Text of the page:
“…officers of the Texas Department of Public Safety were sent to offer to escort them back to Austin, an offer that was rejected. He said the DPS officers did not have arrest authority in Oklahoma but he was seeking federal assistance to arrest the lawmakers. A spokesman for Oklahoma Gov. Brad Henry said his state’s troopers had no authority to get involved in the political spat, The Dallas Morning News reported.’Our position is that, without a warrant signed by a judge, we have no authority. Even under those circumstances, we are hesitant to get pulled into a Texas political battle.'”
The Food Trade Flop
The European Union’s noisy skepticism about genetically modified foods has fallen on the characteristically deaf ears of the Bush administration. The EU has banned GM foods from European markets for five years, until more scientific research is done on the effects of their consumption. But Charlotte Denny of London’s Guardian reports that Bush and his free trade cronies have officially censured the ban on GM crops, claiming it costs US farmers hundreds of millions of dollars. The administration, acting through the World Trade Organization, plans to sue the E.U. U.S. Trade Representative Robert Zoellick says that the ban is “in complete violation of international trade rules,” Richard Cowan of Reuters reports.
The U.S.’s vested interest exists not only because one in three US acres are planted with gentically modified crops, but also because, as John Feffer of The American Prospect reports, the EU’s strong international lobby can sway countries worldwide from importing GM crops:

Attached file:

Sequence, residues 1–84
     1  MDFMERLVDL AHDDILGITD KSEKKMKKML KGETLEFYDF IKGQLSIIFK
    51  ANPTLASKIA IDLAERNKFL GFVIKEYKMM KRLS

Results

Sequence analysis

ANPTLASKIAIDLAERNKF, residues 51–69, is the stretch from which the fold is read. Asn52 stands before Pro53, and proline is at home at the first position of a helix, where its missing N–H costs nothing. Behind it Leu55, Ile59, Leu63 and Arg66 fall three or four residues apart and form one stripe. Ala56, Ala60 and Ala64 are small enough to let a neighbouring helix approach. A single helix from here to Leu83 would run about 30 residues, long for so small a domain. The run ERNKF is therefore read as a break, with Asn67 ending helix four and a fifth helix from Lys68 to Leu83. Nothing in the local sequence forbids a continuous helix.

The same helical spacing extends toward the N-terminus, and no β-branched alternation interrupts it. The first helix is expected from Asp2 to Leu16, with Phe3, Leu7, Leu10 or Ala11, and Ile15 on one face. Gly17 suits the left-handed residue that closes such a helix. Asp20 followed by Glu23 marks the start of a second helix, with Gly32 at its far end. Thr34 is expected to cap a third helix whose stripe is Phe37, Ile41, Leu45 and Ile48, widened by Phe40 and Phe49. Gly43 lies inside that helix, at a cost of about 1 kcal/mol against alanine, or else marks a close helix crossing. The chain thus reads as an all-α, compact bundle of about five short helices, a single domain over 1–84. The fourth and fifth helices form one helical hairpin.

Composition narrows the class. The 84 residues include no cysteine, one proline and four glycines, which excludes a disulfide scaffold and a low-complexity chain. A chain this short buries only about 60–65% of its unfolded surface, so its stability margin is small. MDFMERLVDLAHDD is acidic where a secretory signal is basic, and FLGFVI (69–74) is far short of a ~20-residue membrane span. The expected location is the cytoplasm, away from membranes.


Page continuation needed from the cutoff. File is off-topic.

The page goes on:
“Zambia, Zimbabwe, Mozambique and Malawi — African countries on the edge of famine — all made headlines last August when they refused U.S. gifts of surplus GM corn. At first blush it seemed that their refusal was nonsensical; surely the risk of starvation exceeded the risk of consuming GM food. But as African leaders pointed out, if their farmers had planted kernels of the U.S. corn, the gift ultimately might have destroyed their ability to export food to European or Japanese markets.”
As Feffer notes, getting each member of the EU to agree on a list of restrictions that is acceptable to all countries is quite a task. European countries’ wariness of GM stems from a combination of history and science. Europeans have long been connected to the traditions surrounding their food, and regional, family-farmed foods often go for a premium in European markets (see “Slow Food,” in this month’s Mother Jones). There is a well-substantiated fear that the US’s “monocropping over crop diversity, long-distance transport over local use, efficiency over sustainability and price over taste” would result in a loss of GM-free options, as GM crops tend to be resilient, and, consequently, invasive. The traditional and popular lineage of many European crops could be severely threatened.
The US argues that Europe’s claims are scientifically unsubstantiated and paranoid. But, while Lori Wallach of Global Trade Watch admits that studies on the long-term environmental and health effects of GM foods are incomplete, the WTO’s standards are an exemplification of backward logic:
“The WTO rule puts the burden of proof on countries seeking to regulate a product to show it is dangerous. This WTO rule means that policies based on the Precautionary Principle — that a manufacturer must show a product safe over the long term before it goes on the market — are forbidden.”